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Regional Integration and Industrial Location in a Landlocked Spatial Economy

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  • Hemanta Shrestha

    (AT&T)

  • Dennis Heffley

    (University of Connecticut)

Abstract

Regional integration proposals often require agreements between countries that differ in geographic size, resource endowments, transportation assets, technologies, and product quality. In this asymmetric setting, questions arise about the potential for mutual gains and the distribution of benefits among industries and workers in each country. This paper examines how regional integration between a small landlocked country and a large neighboring country--with a unique port facility that both nations must use to export goods--affects the wage and location decisions of firms, the allocation of labor, the welfare of each country's workers and firms, and aggregate measures of economic welfare in each country and the region. A simulated spatial labor market model is used to explore the economic effects of various stages of regional integration. Beginning with autarky as a benchmark case, we consider two forms of regional integration: partial mobility (mobile labor with geographically restricted firms); and full mobility (mobile labor and firms) with convergence of production technologies and product quality.

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Bibliographic Info

Paper provided by University of Connecticut, Department of Economics in its series Working papers with number 2003-07.

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Length: 44 pages
Date of creation: Mar 2003
Date of revision:
Handle: RePEc:uct:uconnp:2003-07

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Keywords: regional integration; spatial; location; migration; labor;

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  1. Krugman, Paul & Venables, Anthony J., 1994. "Globalization and the Inequality of Nations," CEPR Discussion Papers 1015, C.E.P.R. Discussion Papers.
  2. Diego Puga & Tony Venables, 1995. "Preferential trading arrangements and industrial location," LSE Research Online Documents on Economics 2151, London School of Economics and Political Science, LSE Library.
  3. P Krugman & Anthony J. Venables, 1993. "Intergration," CEP Discussion Papers dp0172, Centre for Economic Performance, LSE.
  4. Fujita, Masahisa & Thisse, Jacques-Francois, 1986. "Spatial Competition with a Land Market: Hotelling and Von Thunen Unified," Review of Economic Studies, Wiley Blackwell, vol. 53(5), pages 819-41, October.
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  6. repec:fth:iniesr:430 is not listed on IDEAS
  7. Rodney D. Ludema & Ian Wooton, 1997. "Regional Integration, Trade, and Migration: Are Demand Linkages Relevant in Europe?," Working Papers 9704, Business School - Economics, University of Glasgow, revised Jul 1997.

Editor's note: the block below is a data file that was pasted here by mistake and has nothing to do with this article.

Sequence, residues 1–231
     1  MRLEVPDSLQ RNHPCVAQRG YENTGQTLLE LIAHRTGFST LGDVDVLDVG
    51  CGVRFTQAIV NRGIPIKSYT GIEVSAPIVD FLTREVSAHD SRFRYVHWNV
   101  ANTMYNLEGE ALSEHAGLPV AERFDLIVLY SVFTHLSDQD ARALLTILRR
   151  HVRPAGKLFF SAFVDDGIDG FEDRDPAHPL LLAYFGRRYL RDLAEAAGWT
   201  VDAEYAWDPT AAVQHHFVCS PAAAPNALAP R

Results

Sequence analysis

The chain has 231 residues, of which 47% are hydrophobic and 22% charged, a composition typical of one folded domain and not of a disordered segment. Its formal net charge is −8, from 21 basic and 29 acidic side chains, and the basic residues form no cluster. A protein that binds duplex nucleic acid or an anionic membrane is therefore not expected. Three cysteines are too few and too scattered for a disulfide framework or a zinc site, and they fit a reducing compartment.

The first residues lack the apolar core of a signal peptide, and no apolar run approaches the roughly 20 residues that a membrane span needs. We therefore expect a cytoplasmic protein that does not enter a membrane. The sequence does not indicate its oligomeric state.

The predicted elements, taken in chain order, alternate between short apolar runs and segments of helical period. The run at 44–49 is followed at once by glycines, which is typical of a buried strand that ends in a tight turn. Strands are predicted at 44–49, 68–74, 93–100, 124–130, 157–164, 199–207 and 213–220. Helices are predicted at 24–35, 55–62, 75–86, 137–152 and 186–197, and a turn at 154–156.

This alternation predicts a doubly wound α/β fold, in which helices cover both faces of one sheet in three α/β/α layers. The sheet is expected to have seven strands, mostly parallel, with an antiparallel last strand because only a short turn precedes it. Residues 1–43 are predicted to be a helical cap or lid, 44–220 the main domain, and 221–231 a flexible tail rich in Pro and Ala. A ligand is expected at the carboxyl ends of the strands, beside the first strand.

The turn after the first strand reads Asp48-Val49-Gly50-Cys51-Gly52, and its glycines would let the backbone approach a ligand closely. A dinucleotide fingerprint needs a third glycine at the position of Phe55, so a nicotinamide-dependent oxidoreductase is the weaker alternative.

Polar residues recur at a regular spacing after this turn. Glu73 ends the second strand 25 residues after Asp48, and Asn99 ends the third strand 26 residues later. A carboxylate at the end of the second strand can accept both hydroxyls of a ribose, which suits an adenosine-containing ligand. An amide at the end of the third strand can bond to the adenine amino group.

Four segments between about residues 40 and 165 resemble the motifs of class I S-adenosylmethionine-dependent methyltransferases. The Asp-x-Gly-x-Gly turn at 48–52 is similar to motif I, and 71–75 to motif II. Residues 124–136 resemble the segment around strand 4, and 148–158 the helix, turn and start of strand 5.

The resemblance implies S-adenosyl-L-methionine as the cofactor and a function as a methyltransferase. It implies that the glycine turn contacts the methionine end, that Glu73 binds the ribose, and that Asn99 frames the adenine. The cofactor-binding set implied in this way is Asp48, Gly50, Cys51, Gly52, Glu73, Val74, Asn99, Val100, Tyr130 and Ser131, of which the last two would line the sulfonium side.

8. Diego Puga, 1996. "The rise and fall of regional inequalities," LSE Research Online Documents on Economics 20643, London School of Economics and Political Science, LSE Library.
  9. Krugman, Paul R, 1993. "On the Relationship between Trade Theory and Location Theory," Review of International Economics, Wiley Blackwell, vol. 1(2), pages 110-22, June.
  10. ANDERSON, Simon P. & DE PALMA, André & NESTEROV, Yurii, 1994. "Oligopolistic Competition and the Optimal Provision of Products," CORE Discussion Papers 1994034, Université catholique de Louvain, Center for Operations Research and Econometrics (CORE).
  11. Simon P. Anderson & Andre De Palma & Gap-Seon Hong, 1992. "Firm Mobility and Location Equilibrium," Canadian Journal of Economics, Canadian Economics Association, vol. 25(1), pages 76-88, February.
  12. Gronberg, Timothy J & Meyer, Jack, 1982. "Spatial Pricing, Spatial Rents, and Spatial Welfare," The Quarterly Journal of Economics, MIT Press, vol. 97(4), pages 633-44, November.
  13. Anderson, Simon P & Neven, Damien J, 1991. "Cournot Competition Yields Spatial Agglomeration," International Economic Review, Department of Economics, University of Pennsylvania and Osaka University Institute of Social and Economic Research Association, vol. 32(4), pages 793-808, November.
  14. Benson, Bruce L. & Hartigan, James C., 1983. "Tariffs which lower price in the restricting country : An analysis of spatial markets," Journal of International Economics, Elsevier, vol. 15(1-2), pages 117-133, August.
  15. Ben-David, Dan, 1993. "Equalizing Exchange: Trade Liberalization and Income Convergence," The Quarterly Journal of Economics, MIT Press, vol. 108(3), pages 653-79, August.
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